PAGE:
Primary classrooms are filled with little learners who are eager to explore and are amazed by the wonders of the world. What better way to harness that excitement than by expanding the learning outside the walls of your classroom! Impossible (or virtual) field trips allow you to forget about any physical limitations you have as you bring outside experiences into the classroom. Interested in taking your students on an impossible field trip, but not sure how you can incorporate it into your lessons? Here are three easy ways to get started using impossible field trips today!

1. Setting up Classroom Expectations

Setting classroom expectations for virtual field trips

It’s no secret that the beginning of the year is all about introducing and enforcing routines and procedures. Challenges with younger students include their shorter attention span and their need to move. At the beginning of the year, I try to do Field Trip Fridays in my classroom as a means to get students excited for social studies, but I also sneak in practice of my routines. We practice sitting on the carpet, keeping our hands in our space, and learning expectations during the virtual field trip so everyone can enjoy. I’ve even seen some teachers on social media who find videos of a plane going through the clouds so the students can travel to their destination (so cute, and so easy!). This time also proves to be a great opportunity to model and practice think-pair-share strategies, since the students are typically so excited to share EVERYTHING they see.

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2. Making Connections to Curriculum

Making connections to curriculum for virtual field trips

Impossible field trips fit seamlessly into a variety of subjects. They bring learning to life in a quick and engaging way. One of my favorite social studies units to teach is community helpers. As we learn about community helpers, we take trips to the fire station, the farm, the zoo, the hospital, the police station and other locations students may not have a chance to visit. While it is unrealistic for me to be able to take my students to all these places on a real field trip, a virtual field trip allows me to show students how the jobs we learn about apply to real life. Finding impossible field trips is simple! I often use Google Earth to take my students places or I use an internet search to find something that applies to what we’re learning. Boclips has some fantastic impossible field trips that are easy to find. They are short but effective. Learning about living and nonliving things or ocean habitats? Boclips takes students to watch a Giant Pufferfish as it swims or a Bottlenose Dolphin pod as they explore the living and nonliving things they see in the ocean. You can pause, rewind and reflect on the content in order to point out important parts to students.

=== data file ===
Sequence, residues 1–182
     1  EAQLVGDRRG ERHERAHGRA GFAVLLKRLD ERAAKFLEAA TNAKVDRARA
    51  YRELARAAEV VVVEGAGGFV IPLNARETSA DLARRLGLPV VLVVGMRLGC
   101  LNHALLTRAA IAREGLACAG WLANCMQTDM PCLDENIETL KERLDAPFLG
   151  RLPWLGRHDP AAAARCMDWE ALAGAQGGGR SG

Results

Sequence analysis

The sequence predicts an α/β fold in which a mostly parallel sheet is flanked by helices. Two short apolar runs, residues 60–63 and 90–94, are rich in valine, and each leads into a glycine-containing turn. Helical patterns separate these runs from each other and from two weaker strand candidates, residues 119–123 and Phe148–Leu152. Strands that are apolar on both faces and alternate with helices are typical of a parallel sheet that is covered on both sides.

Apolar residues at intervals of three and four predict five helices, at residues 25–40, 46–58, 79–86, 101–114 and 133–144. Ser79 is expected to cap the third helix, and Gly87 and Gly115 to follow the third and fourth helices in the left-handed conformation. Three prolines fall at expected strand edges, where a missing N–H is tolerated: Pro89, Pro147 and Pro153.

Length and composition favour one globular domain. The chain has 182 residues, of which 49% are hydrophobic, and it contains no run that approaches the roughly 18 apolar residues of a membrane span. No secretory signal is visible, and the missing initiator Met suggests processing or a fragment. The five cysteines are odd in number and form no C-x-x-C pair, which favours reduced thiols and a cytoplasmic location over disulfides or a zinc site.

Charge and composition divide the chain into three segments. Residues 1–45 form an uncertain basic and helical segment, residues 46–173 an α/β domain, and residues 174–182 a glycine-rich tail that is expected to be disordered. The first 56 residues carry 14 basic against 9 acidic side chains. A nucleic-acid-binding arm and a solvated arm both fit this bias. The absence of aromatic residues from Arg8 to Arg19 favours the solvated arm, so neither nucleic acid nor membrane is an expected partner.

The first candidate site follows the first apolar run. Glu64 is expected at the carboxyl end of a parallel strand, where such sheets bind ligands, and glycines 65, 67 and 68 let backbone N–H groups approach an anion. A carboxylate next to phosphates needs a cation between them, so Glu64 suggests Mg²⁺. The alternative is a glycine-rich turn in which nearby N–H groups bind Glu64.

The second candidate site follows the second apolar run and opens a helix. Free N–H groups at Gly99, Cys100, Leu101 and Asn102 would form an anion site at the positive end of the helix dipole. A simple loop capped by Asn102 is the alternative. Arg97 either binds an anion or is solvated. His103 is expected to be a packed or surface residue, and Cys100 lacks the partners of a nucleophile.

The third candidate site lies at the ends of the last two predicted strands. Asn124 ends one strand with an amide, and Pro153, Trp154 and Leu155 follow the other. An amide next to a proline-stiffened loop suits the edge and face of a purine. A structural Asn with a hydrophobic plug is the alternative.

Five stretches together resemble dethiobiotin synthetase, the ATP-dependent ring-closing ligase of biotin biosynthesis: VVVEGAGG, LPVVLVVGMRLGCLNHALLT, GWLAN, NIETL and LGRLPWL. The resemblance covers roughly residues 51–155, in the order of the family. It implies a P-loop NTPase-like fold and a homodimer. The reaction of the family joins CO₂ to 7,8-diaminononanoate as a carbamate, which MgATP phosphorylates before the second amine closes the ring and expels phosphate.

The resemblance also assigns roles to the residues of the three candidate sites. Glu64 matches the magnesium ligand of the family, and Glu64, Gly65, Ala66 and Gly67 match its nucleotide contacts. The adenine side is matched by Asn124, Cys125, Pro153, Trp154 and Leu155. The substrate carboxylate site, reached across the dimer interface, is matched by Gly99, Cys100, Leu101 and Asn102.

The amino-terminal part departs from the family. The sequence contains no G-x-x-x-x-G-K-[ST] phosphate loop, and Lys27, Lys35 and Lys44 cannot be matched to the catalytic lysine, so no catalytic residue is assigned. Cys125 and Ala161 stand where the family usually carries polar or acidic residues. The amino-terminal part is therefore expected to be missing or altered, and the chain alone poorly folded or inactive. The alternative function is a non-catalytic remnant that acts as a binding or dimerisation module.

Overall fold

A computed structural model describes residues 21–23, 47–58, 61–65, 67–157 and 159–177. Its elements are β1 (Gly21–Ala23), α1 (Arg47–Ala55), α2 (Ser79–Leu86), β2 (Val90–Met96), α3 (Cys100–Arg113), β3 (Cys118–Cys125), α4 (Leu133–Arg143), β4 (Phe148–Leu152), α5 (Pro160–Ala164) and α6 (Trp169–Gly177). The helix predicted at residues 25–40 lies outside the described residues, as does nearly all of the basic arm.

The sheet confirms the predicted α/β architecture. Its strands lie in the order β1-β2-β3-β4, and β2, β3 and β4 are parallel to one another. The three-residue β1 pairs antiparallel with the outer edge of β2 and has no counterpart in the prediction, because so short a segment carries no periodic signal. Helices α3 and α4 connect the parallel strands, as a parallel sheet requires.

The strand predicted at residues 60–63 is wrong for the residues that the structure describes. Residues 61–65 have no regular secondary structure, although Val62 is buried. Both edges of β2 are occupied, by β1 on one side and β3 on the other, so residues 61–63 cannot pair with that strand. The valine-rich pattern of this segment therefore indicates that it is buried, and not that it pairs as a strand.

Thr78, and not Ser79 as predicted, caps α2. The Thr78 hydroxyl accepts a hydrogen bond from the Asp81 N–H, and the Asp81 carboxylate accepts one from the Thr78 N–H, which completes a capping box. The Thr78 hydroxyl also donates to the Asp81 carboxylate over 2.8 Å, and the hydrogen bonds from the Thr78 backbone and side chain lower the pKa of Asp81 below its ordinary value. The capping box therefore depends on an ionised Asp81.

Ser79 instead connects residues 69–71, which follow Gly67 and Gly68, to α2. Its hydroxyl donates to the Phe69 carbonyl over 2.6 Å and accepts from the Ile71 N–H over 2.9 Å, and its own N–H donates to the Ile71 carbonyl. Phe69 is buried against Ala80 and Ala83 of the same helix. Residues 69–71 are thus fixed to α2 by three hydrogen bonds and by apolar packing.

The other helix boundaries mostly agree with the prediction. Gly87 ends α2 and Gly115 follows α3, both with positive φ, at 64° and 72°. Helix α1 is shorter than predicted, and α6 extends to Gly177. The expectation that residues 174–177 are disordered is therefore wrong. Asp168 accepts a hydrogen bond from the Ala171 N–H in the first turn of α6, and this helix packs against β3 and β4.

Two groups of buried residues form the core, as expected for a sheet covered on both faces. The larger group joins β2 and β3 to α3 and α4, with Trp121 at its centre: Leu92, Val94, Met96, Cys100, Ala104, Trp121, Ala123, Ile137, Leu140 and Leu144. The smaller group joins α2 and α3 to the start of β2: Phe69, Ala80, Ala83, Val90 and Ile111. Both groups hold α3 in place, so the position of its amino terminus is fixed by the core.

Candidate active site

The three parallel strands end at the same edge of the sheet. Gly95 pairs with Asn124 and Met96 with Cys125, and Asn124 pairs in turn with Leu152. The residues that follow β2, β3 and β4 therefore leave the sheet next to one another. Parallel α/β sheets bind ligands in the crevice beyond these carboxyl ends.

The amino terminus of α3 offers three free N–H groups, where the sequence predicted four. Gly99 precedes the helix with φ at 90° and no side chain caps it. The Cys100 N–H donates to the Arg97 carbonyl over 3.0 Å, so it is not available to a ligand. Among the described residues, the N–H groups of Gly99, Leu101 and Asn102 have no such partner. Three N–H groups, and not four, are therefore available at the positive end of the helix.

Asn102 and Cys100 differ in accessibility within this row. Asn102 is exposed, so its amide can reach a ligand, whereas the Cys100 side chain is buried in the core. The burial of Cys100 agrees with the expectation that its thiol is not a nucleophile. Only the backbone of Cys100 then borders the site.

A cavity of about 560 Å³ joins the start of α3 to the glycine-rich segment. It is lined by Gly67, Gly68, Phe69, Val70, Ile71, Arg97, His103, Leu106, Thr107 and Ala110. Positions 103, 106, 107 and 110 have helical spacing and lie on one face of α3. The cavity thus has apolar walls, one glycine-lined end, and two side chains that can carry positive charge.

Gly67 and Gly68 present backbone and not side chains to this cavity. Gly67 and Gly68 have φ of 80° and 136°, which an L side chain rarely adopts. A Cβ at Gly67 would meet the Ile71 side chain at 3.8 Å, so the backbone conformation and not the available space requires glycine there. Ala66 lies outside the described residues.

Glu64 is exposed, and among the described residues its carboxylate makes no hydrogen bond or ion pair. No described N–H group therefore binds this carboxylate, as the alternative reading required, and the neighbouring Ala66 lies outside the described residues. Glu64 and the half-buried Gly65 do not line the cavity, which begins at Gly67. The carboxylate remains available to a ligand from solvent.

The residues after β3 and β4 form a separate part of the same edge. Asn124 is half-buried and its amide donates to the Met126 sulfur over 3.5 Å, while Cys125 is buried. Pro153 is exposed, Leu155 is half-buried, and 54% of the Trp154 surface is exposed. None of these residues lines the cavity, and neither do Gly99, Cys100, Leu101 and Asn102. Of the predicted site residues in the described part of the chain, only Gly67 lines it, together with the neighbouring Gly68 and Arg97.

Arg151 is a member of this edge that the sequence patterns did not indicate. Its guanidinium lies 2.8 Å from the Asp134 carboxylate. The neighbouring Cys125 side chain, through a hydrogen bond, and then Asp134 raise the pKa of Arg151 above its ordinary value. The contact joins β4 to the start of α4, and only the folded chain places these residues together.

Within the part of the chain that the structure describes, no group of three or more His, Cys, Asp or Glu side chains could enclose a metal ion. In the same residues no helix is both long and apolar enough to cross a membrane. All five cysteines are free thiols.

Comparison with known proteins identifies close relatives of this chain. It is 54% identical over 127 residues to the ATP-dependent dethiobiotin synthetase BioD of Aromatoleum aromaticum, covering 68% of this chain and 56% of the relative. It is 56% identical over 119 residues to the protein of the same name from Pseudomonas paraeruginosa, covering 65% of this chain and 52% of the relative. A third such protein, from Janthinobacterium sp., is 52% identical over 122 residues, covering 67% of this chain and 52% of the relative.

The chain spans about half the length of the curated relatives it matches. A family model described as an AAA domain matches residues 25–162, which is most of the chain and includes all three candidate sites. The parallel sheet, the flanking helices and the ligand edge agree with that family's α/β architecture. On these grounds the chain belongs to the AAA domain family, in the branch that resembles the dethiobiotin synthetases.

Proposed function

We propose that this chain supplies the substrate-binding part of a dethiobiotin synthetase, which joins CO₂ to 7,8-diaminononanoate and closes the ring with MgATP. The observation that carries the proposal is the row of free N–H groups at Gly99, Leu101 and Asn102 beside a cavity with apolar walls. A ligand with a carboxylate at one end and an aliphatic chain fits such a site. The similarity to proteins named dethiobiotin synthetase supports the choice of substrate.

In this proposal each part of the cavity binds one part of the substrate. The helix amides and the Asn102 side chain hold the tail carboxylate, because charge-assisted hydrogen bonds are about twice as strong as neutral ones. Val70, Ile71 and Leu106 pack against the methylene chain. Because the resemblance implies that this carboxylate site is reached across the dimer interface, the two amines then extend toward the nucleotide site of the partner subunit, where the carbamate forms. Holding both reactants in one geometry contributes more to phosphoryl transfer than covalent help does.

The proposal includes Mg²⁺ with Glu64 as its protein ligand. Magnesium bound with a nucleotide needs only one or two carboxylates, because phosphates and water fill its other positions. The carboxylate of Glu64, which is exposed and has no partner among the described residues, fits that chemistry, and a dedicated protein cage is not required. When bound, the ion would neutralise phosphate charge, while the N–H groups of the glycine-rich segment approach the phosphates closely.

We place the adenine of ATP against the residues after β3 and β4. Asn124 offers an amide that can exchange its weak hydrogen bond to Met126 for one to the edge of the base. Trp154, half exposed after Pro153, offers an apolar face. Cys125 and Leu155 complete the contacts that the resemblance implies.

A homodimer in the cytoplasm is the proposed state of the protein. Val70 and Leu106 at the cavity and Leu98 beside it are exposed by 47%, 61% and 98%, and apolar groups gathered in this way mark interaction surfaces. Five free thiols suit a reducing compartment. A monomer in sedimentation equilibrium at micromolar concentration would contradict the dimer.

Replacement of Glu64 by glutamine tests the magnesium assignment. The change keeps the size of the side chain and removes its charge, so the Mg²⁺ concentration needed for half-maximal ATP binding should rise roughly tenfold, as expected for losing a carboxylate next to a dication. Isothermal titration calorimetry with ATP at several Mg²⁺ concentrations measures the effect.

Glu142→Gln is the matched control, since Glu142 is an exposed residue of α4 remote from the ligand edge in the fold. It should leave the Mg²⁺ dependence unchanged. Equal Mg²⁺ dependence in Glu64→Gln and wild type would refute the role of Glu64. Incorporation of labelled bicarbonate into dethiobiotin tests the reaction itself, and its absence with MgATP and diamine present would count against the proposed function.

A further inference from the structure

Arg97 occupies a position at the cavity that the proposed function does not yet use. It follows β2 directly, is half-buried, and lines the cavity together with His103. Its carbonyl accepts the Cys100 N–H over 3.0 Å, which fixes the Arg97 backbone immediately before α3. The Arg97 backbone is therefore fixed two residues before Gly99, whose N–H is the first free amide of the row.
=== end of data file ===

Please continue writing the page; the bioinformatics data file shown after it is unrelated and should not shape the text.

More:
3. Exploring New Locations

Virtual field trips with video

If you’ve never checked out Story Time From Space, I highly recommend it! This free storytime program from NASA has astronauts reading books to kids from the International Space Station. While my students LOVE watching the astronauts float as they read books like Rosie Revere, Engineer, they don’t really understand where space is or what it looks like. Don’t worry, Boclips fills in these missing pieces! The amazing Outer Space category of Impossible Field Trips within Boclips, allows students to explore what the International Space Station and a satellite in orbit look like. Or, students can watch a space shuttle launch. If you're not interested in videos on space, visit the Wonders of the World collection instead! Many of my students have never been on a trip and taking them to the Taj Mahal or the Great Wall of China. These videos open up an entire world of possibilities.

Impossible Field Trips are appropriate for students of all ages. Open up your students’ horizons by integrating videos into your curriculum. Have a favorite virtual field trip you do with your students? Drop the link below to share the love!


Victoria Mendoza

Victoria Mendoza is a kindergarten teacher in central Georgia. She has a master’s in education with an emphasis on educational technology.

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